Tuesday, October 18, 2016

Is it only me?

I once wanted to become an atheist, but I gave up - they have no holidays. 
- Henny Youngman

The Land of Israel is in the middle of the 'Chagim Season'. This month-long period is marked by joy, prayers, family, mosquitoes, noisy neighbors, and exaggerated amounts of time preparing  exaggerated amounts of food.

I find that, every autumn (or what passes for autumn in the Holy Land, i.e., a short period of time when it's less hot for 20 minutes a day), for six weeks, I spend an exorbitant amount of time doing household chores that I am unable to put off, as I normally would, because it's The Chagim. And when I'm not actually doing these chores, I'm thinking about doing them; Extra shopping, laundry, ironing, baking, dusting, wiping, polishing, washing, cleaning, mopping, weeding, grouting. Ok, maybe not polishing. I don't think about polishing.


As I attend to these tasks, making the same depressing mistakes and messes year after year, I wonder if I'm the only one to feel, on the one hand, joyous to be able to celebrate these holidays with my family, and, on the other hand, resentful that I have to celebrate these holidays with my family....

When I know I have a lot to do for Chag or Shabbat - a lot of guests, extra laundry, more shopping - I start early in the week. I make lists, I plan a timetable, I prepare food to put in the freezer. That way, I tell myself, time after time after time, on Erev Shabbat or Chag, I won't have so much to do, and I won't be frazzled or anxious, and everything will be tickety boo for chag. Why is it then, that, even if I get out of bed on the morning of Erev Chag when it's still dark outside, I still find I have 20 gajillion things to do and I still get to Shabbat/Chag frazzled, anxious, exhausted, and in a snarly bad mood. (The question, of course, is am I in a snarly bad mood because I got up at 5:30 AM?)

Am I the only one that this happens to? 

Am I the only one who makes about 4 cups of coffee in the space of an hour because the previous one got cold before I had a chance to drink it because I was too busy looking up new recipes on the internet that I have no intention of ever using? Why haven't I learned to just make a cold cup of coffee and save time?

Am I the only one who still has just as much laundry, even though most of the kids have left the house, as I had when they were toddlers? Do I live in a magical laundry wonderland? Does laundry breed and is only my house a good breeding ground? Is it only my dirty socks making whoopee?

Am I the only one who never learns how to calculate amounts? For example, I seldom make schnitzel. That's because it's a potchka to make, and I don't do potchkas. However, when I do prepare schnitzel, I make a lot. First, I dip the meat in flour, then in an egg mixture and then a mixture of bread crumbs and spices. I fry up four kilo of schnitzel at a time. Each time I make it, it doesn't matter how many breadcrumbs I start out with, I won't have enough for the last three pieces of meat, the last two pieces have no egg, but I have a mound of flour left over I can do nothing with. Is it only me?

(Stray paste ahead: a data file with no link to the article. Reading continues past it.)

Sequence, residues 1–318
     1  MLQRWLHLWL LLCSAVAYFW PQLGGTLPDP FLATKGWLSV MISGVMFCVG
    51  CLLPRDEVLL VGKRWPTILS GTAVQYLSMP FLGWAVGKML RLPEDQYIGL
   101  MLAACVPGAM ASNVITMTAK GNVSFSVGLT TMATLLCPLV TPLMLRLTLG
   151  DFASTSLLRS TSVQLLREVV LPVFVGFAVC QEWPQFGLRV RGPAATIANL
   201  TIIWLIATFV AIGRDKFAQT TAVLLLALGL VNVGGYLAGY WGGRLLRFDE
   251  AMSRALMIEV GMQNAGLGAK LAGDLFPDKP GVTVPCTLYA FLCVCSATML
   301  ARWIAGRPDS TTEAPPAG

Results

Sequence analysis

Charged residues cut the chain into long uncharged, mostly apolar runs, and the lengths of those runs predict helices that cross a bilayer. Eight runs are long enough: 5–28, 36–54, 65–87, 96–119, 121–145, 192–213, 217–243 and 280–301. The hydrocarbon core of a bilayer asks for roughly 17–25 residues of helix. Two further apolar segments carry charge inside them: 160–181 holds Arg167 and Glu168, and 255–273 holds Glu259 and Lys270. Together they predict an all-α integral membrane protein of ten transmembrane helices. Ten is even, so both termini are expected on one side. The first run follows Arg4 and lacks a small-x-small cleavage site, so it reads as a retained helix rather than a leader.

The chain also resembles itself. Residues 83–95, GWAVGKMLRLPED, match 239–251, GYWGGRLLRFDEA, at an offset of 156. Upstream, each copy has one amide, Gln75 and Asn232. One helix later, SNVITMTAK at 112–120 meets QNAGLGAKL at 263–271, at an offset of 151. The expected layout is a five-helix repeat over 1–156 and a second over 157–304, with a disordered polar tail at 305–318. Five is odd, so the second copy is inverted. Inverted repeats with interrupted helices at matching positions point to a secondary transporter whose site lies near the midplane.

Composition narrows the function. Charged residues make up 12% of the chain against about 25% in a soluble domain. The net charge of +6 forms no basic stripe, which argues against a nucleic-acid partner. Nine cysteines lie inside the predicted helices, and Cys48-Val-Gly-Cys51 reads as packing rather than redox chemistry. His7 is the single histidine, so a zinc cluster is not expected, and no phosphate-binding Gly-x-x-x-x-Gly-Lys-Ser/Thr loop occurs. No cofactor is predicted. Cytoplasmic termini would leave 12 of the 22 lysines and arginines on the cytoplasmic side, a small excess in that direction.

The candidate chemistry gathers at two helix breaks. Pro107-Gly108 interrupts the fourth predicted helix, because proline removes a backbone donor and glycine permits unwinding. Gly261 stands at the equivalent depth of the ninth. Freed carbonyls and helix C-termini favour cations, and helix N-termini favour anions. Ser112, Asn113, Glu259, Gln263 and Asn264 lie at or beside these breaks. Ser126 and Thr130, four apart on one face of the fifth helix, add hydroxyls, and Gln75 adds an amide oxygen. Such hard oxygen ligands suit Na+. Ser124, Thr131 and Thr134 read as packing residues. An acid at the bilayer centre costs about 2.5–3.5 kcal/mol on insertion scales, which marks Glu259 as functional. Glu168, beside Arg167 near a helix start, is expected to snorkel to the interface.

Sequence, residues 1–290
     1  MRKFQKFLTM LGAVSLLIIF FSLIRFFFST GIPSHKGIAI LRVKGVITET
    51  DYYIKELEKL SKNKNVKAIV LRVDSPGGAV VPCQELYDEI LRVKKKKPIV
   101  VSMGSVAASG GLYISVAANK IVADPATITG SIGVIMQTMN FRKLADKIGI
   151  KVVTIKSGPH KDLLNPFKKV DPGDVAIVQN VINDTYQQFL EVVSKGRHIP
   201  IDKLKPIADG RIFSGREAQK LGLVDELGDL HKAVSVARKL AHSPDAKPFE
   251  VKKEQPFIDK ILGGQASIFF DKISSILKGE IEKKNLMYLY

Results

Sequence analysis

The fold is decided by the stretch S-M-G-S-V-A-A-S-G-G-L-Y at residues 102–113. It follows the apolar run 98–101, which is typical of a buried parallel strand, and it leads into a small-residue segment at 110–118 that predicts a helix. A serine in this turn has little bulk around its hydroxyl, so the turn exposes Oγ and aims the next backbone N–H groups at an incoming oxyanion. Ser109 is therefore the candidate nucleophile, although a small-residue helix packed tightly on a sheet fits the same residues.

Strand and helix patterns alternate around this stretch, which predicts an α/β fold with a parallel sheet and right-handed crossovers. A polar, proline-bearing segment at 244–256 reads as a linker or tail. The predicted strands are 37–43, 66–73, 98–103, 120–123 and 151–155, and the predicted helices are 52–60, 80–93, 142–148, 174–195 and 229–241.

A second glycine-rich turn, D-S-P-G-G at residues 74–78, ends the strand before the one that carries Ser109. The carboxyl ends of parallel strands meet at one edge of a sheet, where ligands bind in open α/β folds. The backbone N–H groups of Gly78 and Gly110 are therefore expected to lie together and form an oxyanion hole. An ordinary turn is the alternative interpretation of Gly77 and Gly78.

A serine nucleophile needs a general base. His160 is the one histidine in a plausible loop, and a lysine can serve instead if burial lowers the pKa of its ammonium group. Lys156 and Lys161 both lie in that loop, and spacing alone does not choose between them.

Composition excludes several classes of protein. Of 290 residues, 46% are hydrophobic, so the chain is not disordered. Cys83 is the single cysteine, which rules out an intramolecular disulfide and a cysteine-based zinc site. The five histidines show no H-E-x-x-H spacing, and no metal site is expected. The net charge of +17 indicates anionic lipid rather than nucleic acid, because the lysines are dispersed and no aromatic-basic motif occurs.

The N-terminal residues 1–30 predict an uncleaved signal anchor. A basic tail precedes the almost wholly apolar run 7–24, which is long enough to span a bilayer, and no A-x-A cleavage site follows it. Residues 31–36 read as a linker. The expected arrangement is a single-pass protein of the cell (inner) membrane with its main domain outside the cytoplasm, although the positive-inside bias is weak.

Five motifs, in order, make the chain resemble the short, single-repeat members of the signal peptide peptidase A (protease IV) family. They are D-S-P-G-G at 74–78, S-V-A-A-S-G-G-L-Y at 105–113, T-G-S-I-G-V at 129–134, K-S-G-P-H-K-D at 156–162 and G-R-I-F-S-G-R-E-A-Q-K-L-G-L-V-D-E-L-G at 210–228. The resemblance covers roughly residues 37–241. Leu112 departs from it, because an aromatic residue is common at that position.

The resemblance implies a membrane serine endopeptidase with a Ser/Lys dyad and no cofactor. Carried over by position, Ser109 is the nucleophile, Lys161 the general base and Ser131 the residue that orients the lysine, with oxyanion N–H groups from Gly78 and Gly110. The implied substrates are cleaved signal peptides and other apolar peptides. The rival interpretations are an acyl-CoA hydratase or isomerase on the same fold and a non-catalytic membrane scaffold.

Sometimes, it's not me, it's other people. I'll look up a recipe because I have a particular ingredient left over in the fridge, say, spinach leaves. I'll make a small salad of the aforesaid leaves and a couple of old tomatoes, and some basil. And everyone eats it up and fights over the last leaf.
The next week, I'll buy more spinach leaves, and make a lot of the same salad. But this time, nobody will touch it, and the leaves die a slow death in the back of the fridge, unloved and unwanted. Do other people's fridges have spurned leaves in the back wasting away? Or is it only my fridge?

spurned love
Speaking of leftovers, am I the only one who cannot, CANNOT, estimate the correct size of a needed container? Either it's way too big and takes up too much room in the fridge, or it's too small and the excess spills all over the counter. Best case scenario is when the container is too small and I make some passing kid eat whatever won't fit it. Which is ok with the kid if it's schnitzel (even naked schnitzel), but not so ok it's it's leftover spinach salad.

Are there other people out there playing tetris in their fridge? I can spend HOURS fitting odd-shaped containers into the fridge, only to have the bag of peppers remain on the counter. I'll start again, finally fitting in the peppers by taking them out of the bag, and arranging them individually into the odd-shaped spaces between the containers. I'm finally able to shut the door of the fridge without squishing the pie and turn around to find I've left the milk out. I make a passing kid drink it. If there's no passing kid, I just keep making cups of coffee I don't drink, and use up the milk that way.

The inside of my fridge
Despite the lists that are the length of  Gone With the Wind, hours deciding what to serve at which meal, days searching for bargains, and weeks copy and pasting menus and recipes, I still forget to buy almonds, cinnamon, and beans. If I'm lucky, I forget to buy dish washing soap, too.

I really hope that I'm not, but I suspect that I am the only one who burns the rice while chopping carrots for the tzimmis, adds pepper to the chocolate cake while stirring the soup, and forgets to put yeast in the challah because is 5:30 IN THE (expletive deleted) MORNING!!

As I prepare for yet the next shopping/cleaning/cooking spree, which I accomplish in my own unique way, I wish all Am Yisrael a truly joyous, blessed, and tasty holiday.
And remember: if you don't like pepper in chocolate cake, adding the left over spinach leaves might work.

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